Trust intuition: It’s important to listen to your child’s hunger and fullness cues, and respond in ways that honor those cues. Kids don’t always get the hunger or fullness thing right–sometimes they are right, and sometimes they misfire. They are figuring it out and need your help doing so.
Make sure you give your child feedback when they are right and when they miss the boat: “Boy, you sure know how listen to your body!” AND “Don’t worry, we’ll get this right next time…maybe if you eat a little bit more at lunch, this won’t happen again. What do you think?” In the long run, these are important lessons to be learned, for both you and your child.
Be reliable: Get those meals and snacks on the table–regularly. The more reliable you are with meals, the calmer and more secure your child may be with food and eating, at every age.
What’s Your Message? Remember that you send messages to your child at the meal table: You are important to me. I care about you. I care about your health. AND Your hunger can wait. Something else (the dishes, the phone…) is more important.
Feeding your child is just one way to develop a strong, trusting bond and connection. You’ve got thousands of opportunities! Messing up a few of these interactions isn’t going to do irreversible damage–just make sure you tip the balance towards positive interactions and intentional connections at the meal table. Both you and your child will reap the benefits for a lifetime!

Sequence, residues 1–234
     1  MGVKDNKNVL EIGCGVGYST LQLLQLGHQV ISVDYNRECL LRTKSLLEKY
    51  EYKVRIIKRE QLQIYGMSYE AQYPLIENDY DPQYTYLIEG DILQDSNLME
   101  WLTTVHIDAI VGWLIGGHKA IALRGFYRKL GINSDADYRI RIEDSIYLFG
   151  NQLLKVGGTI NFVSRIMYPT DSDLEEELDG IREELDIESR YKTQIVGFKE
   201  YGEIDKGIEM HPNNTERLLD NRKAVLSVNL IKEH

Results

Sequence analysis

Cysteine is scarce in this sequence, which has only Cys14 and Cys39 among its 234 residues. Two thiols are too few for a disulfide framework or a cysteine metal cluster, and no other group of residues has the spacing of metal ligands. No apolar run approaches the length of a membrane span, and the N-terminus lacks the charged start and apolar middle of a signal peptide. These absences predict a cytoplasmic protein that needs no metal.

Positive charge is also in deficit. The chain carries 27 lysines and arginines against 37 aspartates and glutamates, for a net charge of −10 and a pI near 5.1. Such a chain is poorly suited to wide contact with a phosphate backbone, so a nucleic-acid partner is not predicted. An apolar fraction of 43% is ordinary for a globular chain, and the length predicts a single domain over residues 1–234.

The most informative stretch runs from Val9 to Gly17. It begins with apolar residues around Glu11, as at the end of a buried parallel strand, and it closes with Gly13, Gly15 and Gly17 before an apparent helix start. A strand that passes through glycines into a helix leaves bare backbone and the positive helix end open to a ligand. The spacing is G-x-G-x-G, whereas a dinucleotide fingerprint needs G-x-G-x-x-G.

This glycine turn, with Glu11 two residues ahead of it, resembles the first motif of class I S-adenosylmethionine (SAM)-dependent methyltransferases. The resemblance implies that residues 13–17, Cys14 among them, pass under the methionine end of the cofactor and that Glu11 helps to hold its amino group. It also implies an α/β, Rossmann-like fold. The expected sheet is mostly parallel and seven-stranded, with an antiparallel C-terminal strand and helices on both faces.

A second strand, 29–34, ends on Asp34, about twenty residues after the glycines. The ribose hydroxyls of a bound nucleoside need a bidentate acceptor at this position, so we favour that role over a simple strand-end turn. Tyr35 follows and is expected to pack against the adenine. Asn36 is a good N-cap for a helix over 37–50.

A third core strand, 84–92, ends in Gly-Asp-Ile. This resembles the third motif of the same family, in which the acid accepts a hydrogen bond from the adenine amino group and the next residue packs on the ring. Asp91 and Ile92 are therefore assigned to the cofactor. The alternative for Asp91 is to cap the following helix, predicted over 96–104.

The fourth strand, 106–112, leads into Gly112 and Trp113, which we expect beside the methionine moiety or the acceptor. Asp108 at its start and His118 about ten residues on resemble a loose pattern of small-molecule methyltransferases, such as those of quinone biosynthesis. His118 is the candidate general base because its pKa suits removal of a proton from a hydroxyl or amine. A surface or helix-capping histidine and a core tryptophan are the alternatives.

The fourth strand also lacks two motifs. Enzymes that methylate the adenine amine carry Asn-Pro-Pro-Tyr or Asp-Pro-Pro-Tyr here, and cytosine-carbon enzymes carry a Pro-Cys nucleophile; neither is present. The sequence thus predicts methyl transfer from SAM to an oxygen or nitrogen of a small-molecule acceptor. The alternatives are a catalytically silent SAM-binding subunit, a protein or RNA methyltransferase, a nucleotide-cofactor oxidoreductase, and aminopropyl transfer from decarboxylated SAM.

Don’t stop here! Join the carnival and read other Eat, Play, Love blogs from dietitians and moms offering the best advice on raising healthy eaters.
The Best-Kept Secret for Raising Healthy Eaters, Maryann Jacobsen, MS, RD
Feeding is Love, Jill Castle, MS, RD, LDN
5 Quick Ways to Prepare Veggies with Maximum Flavor, Dayle Hayes, MS, RD
The Art of Dinnertime, Elana Natker, MS, RD
Children Don’t Need a Short Order Cook, Christy Slaughter
Cut to the Point – My Foodie Rules, Glenda Gourley
Eat, Play, Love – A Challenge for Families, Alysa Bajenaru, RD
Eat, Play, Love ~ Raising Healthy Eaters, Kia Robertson
Get Kids Cooking, Jessica Fishman Levinson, MS, RD, CDN
Kid-Friendly Kitchen Gear Gets Them Cooking, Katie Sullivan Morford, MS, RD
Kids that Can Cook Make Better Food Choices, Glenda Gourley
Making Mealtime Fun, Nicole Guierin, RD
My Top Ten Tips for Raising Lifelong Healthy Eaters, EA Stewart, RD
My No Junk Food Journey – Want to Come Along?, Kristine Lockwood
My Recipe for Raising Healthy Eaters: Eat Like the French, Bridget Swinney MS, RD, LD
Playing with Dough and the Edible Gift of Thyme, Robin Plotkin, RD, LD
Picky Eaters Will Eat Vegetables, Theresa Grisanti, MA
Putting the Ease in Healthy Family Eating, Connie Evers, MS, RD, LD
Raising a Healthy Eater, Danielle Omar, MS, RD
Raising Healthy Eaters Blog Carnival & Chat Roundup, Ann Dunaway Teh, MS, RD, LD
Soccer Mom Soapbox, Sally Kuzemchak, MS, RD
Teenagers Can Be Trying But Don’t Give Up, Diane Welland MS, RD
What My Kids Taught Me About Eating Mindfully, Michelle May, MD
Written by: Jill Castle, MS, RDN
Published on: May 6, 2011
Updated on: December 8, 2018